After a well-earned vacation for the month of November, the horses have now moved to their winter home and begun working again. Unfortunately the winter home is still in Canada…but at least there is an indoor arena and a nice warm tack room!!
Bringing horses back to work after a break can be exciting, especially if you have not been riding much yourself. While it is tempting to jump right back in where you left off, it is important to contain your excitement and ease back into a routine. Bringing a horse back into work after a simple vacation is less stressful than a break after an injury for example, however similar procedures should still be followed. Regardless of the reason for time off, the horse has still lost fitness and maybe some muscling and strength. This is important to keep in mind before hopping on and flat schooling for an hour the first ride back.
One of the most important steps that should be taken (and the one which requires the most patience!) is doing a little bit of legging up. This does not mean that your horse has to be competition fit, but he does need to gradually start using his muscles and building cardiovascular fitness again. This is an essential step because during work we ask our horses to use their muscles more intensely and in a different manner than they do when frolicking in the fields. A great way to achieve a good quality legging up period is by hacking! Personally I like to hack for at least two to three weeks when a horse is coming back, depending on the length and reason for the time off. I generally spend the first week walking, sometimes up to an hour or more a day, then progressing to short trot sets over the next couple of weeks. As I said earlier, your horse does not need to be competition fit but it is important to establish a base fitness and get his working muscles back in action again. How long it takes your horse regains his fitness can depend on a few variables;
· How fit was he before the break? – a horse that was Training/Preliminary or higher level fit will likely regain fitness quite quickly
· His breed – the lighter, more naturally athletic breeds such as thoroughbreds generally need very little work to fit up compared to the heavier breeds. This is simply due to their physical makeup.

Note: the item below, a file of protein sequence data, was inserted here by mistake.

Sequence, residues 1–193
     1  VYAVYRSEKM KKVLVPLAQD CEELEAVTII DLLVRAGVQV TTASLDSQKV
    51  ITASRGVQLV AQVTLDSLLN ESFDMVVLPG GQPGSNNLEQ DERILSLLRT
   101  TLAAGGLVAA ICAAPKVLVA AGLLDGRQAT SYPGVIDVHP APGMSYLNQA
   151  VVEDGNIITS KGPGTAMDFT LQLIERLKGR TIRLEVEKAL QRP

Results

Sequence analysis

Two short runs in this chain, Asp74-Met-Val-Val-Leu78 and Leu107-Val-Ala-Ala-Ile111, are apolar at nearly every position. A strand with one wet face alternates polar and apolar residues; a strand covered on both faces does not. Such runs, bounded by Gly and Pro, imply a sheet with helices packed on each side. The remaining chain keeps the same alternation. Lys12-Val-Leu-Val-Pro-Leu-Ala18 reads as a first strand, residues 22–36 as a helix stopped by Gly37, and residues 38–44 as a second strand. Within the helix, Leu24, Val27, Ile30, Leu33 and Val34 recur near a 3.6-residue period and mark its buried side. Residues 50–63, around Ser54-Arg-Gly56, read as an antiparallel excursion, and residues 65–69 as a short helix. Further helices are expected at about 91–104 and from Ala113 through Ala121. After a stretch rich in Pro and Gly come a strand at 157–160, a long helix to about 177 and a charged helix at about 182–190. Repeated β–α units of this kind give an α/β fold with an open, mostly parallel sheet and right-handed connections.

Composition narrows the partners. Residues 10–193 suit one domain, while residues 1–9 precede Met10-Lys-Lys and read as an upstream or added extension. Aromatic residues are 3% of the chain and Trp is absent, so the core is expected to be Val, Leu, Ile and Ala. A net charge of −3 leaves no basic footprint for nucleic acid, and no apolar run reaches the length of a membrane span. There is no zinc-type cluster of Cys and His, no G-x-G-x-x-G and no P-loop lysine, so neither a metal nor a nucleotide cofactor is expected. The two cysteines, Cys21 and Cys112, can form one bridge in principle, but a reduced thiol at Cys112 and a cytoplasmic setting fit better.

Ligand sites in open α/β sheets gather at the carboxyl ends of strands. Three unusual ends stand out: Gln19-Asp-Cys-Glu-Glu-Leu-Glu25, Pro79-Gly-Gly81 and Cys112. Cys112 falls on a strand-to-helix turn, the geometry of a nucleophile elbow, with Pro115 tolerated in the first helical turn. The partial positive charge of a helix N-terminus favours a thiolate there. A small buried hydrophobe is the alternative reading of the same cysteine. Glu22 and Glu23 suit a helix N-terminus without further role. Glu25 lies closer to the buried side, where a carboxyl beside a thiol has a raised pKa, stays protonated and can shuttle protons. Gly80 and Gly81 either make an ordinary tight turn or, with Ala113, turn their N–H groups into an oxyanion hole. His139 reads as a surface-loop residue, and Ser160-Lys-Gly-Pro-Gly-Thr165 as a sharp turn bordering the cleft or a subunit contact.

· Nutrition – a horse that receives the right balance of concentrates to forage and receive all the nutrients and necessary components in his diet will find it easier to gain and maintain fitness, than a horse on an insufficient diet.
There are of course many, many other factors as well but the most important of all may simply be time!
If you are not lucky enough to have the space to hack use the arena but stay large as much as possible (no circles!!). After these few weeks of hacking your horse should be ready to get back in the ring and ease into flat and jump schools again. During this time it is still crucial to pay attention to what your horse is telling you. If he is tired after 15 minutes of trotting be sure to give him a break. Even though you have spent the time to build a base fitness, they will be working harder in the ring than hacking with a higher intensity, different footing etc. The last thing you want to do is move too fast and have a sore horse at the beginning of your winter boot camp! Keeping this in mind, it is also a good idea (and fun!) to maintain a hack routine within your regular work regime. I like to have all the horses I work with hack AT LEAST twice a week, if not more. This is not only a great way to maintain and build their fitness throughout the winter, but it is also a good mental break for your horse to get out of the arena. If you are strapped for time, try taking your horse for a hack as his warm up or cool down and incorporate it into you regular riding time. If you have the time however, there are few things better for your horse, physically and mentally, than going for a good hour long hack a few times a week. And to make it even better try getting a group of friends together. The conversations and laughs make the time fly by!